Foreign aid will begin to trickle in to Palu, Donggala and the surrounding region. Around 29 countries have offered help, said Nugroho, and 17 of those have met the Indonesian governmentâs specific needs. Seven C-130 transports, offered by four countries including Singapore and Japan, will head to the region to airlift out survivors, reunite some with families in Palu and transport in much needed goods. Other countries, like Australia, have pledged doctors and medical equipment.
For now, though, medical centers like the Undanta hospital are messy and overwhelmed. The hospitalâs entrance was littered with oxygen canisters and hypodermic needles, and patients lay on stretchers under the blazing sun, waiting for treatment. In the parking lot, dozens of corpses wrapped in body bags and tarps were being loaded into dumpsters by volunteers and soldiers to be taken to mass burial sites. Inside, one elderly man lay on his hospital bed in a diaper, rice scattered all over the thin blue mattress.
Some doctors and nurses wore latex gloves and splashed their hands with rubbing alcohol. Others used gardening gloves, some worked barehanded and in flip-flops. When the disaster first hit, ânothing was on,â said Muhammad Sakti, a doctor coordinating the medical team here. âWe couldnât work.â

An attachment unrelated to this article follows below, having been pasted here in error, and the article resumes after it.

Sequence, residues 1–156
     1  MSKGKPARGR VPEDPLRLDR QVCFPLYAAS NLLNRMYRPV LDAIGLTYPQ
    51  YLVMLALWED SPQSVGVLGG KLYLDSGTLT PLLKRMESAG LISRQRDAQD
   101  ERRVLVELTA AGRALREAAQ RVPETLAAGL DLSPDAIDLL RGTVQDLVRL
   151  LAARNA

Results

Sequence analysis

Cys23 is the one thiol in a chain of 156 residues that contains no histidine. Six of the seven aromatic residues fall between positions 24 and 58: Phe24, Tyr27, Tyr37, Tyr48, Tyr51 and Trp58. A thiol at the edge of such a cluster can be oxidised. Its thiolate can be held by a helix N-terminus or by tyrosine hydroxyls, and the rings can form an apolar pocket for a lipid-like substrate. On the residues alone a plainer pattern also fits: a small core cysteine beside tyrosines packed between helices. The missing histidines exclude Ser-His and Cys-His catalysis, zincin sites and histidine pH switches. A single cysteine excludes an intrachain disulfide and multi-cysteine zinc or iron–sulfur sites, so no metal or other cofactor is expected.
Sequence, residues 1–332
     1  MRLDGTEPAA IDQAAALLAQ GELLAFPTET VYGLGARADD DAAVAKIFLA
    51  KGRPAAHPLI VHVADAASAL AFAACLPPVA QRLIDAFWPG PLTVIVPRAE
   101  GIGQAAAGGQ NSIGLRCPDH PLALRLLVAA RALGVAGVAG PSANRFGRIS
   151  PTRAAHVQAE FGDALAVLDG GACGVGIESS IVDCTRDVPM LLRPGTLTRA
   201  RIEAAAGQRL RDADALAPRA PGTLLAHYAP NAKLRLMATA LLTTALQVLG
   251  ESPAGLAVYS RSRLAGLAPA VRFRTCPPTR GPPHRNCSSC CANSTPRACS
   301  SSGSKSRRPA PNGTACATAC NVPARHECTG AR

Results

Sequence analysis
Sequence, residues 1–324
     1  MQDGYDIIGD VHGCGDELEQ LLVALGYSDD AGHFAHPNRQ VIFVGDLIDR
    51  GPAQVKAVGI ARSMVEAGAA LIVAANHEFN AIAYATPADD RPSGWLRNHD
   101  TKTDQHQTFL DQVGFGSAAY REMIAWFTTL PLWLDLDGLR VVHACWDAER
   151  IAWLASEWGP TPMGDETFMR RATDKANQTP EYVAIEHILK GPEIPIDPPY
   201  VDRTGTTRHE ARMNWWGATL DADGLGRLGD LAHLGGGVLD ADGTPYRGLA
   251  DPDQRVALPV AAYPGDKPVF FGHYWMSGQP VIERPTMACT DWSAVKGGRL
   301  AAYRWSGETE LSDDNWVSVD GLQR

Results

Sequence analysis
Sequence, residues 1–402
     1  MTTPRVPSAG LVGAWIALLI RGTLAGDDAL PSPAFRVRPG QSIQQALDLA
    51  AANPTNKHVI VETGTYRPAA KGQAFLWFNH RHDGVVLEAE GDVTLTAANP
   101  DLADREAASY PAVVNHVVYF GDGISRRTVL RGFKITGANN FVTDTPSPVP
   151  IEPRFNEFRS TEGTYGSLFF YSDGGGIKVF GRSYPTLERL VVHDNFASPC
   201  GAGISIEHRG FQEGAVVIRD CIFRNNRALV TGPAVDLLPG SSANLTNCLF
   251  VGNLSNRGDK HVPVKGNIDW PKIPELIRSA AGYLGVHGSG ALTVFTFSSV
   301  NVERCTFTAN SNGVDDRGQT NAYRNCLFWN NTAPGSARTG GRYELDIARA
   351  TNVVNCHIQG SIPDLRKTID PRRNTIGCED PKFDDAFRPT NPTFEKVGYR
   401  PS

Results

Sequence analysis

Most patients here were buried under collapsed buildings, doctors said. Some suffered from open fractures, others needed to be amputated. Lifesaving operations were prioritized.
Needs are still acute.
âWe need fuel,â said Sakti, admitting he was exhausted, ânot just for the hospital, but for all. We need electricity, water.â
The government, he said, has promised fuel supplies, but as of now, âitâs just a promise,â he added with a laugh.
On Wednesday, Widodo toured Palu, including the now-wiped out settlement of Petobo, where hundreds are still believed to be buried underneath thick mud. He visited the remains of the Roa Roa, an 80-room hotel that collapsed completely during the earthquake burying about 50 or 60 guests underneath. His black SUV was mobbed as he pulled away from the site, and he handed packets of biscuits to children.
Moments after he left, Talib, a 24-year-old rescuer, standing by military personnel guarding the area, broke down.
âI had hoped that while Jokowi was here, all the help would come here,â he said, fighting back tears. He had arrived at the site of the hotel earlier that day with his own cli mbing equipment to scale the wreckage, a lone volunteer searching through the rubble. Heavy equipment, he pleaded, needs to arrive to free the trapped inside, even though they are probably dead.
âIf it was a member of your family, wouldnât you cry too?â Talib added. âThis is the sixth day, brother.â
When soldiers who were there for Jokowiâs appearance began to disperse, Talib scaled back up the wreckage of the hotel again and restarted his search.
Mahtani reported from Hong Kong. Ainur Rohmah in Jakarta contributed to this report.